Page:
Emails Show Koch Industries Backed Effort to Undermine Renewable Energy in Kansas
Emails and financial documents released by the University of Kansas on Thursday reveal earmarked funding from Koch Industries to develop research used to lobby against the state renewable energy standard.
On November 12, 2013, Art Hall, the director of the university’s Center for Applied Economics, emailed Koch Industries’ Laura Hands to discuss a grant from a Koch-controlled foundation to fund research on the Renewable Portfolio Standard.
Hall is the former chief economist for Koch Companies Public Sector, the lobbying subsidiary of Koch Industries, the largest privately owned company in America with a significant stake in oil refining, pipelines, gas production and coal. Hands is the current community affairs director at Koch Companies Public Sector.
The Koch money was part of an ongoing project Hall described as an effort to develop “intellectual products” to be used “as a tool in economic policy debates.” Hall’s center also provides special classes to teach about the virtues of capitalism. Koch-controlled foundations approved $40,000 for work that included the renewable energy standard, as well as at least $250,000 to the center in 2008 and $100,000 to the center in 2009.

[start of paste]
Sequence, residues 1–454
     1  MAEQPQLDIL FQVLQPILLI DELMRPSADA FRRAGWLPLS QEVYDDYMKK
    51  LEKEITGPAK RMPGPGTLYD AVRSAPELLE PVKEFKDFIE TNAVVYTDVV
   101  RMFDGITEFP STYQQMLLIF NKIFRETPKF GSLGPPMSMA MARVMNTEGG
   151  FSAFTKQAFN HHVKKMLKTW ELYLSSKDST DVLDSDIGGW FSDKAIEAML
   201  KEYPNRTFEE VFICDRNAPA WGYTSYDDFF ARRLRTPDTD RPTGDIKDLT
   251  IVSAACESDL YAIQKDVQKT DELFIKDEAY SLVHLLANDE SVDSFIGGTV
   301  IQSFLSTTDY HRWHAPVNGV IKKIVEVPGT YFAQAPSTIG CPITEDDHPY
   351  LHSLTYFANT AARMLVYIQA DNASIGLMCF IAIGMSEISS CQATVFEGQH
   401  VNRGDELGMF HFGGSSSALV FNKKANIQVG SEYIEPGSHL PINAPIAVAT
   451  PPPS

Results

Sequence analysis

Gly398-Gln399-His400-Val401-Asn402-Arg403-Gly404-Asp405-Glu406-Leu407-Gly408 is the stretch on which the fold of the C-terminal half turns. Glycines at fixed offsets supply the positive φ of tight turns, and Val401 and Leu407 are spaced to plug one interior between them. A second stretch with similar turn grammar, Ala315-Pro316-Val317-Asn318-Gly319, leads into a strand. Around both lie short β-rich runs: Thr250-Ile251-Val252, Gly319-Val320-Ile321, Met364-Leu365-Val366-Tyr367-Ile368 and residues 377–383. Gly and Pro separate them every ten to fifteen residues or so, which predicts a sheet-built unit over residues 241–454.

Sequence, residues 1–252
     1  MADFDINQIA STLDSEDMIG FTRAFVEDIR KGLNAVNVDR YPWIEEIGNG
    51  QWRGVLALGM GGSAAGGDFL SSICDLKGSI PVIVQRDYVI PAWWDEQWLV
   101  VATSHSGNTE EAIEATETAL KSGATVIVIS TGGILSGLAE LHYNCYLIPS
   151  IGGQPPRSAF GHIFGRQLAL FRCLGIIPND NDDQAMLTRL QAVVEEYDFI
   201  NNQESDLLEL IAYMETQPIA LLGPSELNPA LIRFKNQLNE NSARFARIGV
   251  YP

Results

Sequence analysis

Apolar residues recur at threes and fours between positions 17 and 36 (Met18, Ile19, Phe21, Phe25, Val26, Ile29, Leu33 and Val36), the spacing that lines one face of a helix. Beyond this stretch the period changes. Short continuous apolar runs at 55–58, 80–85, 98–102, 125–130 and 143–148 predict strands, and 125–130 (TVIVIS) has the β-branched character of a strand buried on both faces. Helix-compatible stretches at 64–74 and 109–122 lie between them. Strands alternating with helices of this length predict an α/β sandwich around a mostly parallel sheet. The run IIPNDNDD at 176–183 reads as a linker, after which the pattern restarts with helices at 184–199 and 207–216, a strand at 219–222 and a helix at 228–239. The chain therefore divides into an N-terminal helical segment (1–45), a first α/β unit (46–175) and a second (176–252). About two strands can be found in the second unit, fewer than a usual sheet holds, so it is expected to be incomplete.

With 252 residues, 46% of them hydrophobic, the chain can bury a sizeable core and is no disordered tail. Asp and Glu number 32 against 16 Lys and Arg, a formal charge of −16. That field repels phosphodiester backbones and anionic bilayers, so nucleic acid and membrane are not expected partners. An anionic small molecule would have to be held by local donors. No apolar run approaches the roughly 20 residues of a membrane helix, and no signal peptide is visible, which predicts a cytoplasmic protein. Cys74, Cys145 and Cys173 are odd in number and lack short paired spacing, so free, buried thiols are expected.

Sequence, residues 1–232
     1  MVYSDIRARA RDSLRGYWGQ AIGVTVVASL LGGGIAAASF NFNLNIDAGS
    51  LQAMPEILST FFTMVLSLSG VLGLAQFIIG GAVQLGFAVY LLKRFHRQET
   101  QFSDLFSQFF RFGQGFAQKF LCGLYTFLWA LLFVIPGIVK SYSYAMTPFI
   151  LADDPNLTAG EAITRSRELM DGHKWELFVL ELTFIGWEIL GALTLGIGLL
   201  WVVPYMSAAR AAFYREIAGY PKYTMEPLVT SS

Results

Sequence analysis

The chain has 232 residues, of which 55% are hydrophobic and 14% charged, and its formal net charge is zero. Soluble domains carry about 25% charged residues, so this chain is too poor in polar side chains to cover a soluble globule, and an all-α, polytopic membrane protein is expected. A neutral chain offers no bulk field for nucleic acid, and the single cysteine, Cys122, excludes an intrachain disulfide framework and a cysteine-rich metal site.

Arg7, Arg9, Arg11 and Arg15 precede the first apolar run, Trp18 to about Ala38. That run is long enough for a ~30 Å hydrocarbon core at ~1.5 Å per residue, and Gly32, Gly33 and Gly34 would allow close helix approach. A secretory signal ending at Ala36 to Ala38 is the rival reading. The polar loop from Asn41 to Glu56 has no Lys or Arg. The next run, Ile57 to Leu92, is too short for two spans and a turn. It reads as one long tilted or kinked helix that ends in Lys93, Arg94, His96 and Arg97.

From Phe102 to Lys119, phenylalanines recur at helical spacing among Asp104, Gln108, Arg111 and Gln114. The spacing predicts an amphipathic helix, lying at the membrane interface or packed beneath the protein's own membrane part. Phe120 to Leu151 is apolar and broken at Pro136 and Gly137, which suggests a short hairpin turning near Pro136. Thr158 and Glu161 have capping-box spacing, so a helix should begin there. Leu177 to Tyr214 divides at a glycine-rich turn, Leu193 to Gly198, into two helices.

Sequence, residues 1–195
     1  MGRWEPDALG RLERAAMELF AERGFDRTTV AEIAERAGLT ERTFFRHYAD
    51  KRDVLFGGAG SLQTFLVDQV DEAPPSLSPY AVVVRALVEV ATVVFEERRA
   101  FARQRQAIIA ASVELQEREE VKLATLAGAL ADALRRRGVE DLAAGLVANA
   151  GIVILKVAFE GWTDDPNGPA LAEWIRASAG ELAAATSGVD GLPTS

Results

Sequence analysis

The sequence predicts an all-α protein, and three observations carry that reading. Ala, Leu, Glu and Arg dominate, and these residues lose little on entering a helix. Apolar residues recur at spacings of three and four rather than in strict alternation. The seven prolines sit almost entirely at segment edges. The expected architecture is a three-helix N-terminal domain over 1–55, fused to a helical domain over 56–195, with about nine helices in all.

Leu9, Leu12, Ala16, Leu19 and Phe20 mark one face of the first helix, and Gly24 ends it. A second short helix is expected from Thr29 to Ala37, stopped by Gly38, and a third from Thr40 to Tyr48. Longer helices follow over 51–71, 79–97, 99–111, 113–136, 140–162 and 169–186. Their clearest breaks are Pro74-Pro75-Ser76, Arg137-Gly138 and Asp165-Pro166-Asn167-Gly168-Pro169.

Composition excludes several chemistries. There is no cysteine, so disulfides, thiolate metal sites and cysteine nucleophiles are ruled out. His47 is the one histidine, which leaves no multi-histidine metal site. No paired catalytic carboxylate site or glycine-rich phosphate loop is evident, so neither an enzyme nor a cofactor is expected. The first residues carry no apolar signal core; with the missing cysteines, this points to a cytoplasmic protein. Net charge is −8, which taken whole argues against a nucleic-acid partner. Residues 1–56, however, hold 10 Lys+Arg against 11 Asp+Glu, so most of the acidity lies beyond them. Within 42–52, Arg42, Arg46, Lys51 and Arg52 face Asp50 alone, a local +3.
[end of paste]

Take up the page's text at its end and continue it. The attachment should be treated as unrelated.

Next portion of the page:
Following his grant request, Hall testified before the Kansas legislature in 2014 in favor of repealing the state renewable energy portfolio, which calls for major utility companies to use an increasing ratio of renewable energy such as wind and solar.
The emails and financial documents were released in response to a Kansas Open Records Act request filed by KU student Schuyler Kraus, the president of Students for a Sustainable Future.
Hall also helped craft unprecedented tax cuts signed into law by Gov. Sam Brownback, R-Kan., and backed by Koch’s local political network. The tax cuts have been viewed roundly as a historic flop, resulting in a downgrade of the state bond rating and drastic education cuts that forced public schools to close early this year. Critics argue that the tax cut and ensuing budget chaos may have hurt employment as bordering states such as Missouri are quickly outpacing Kansas on job growth.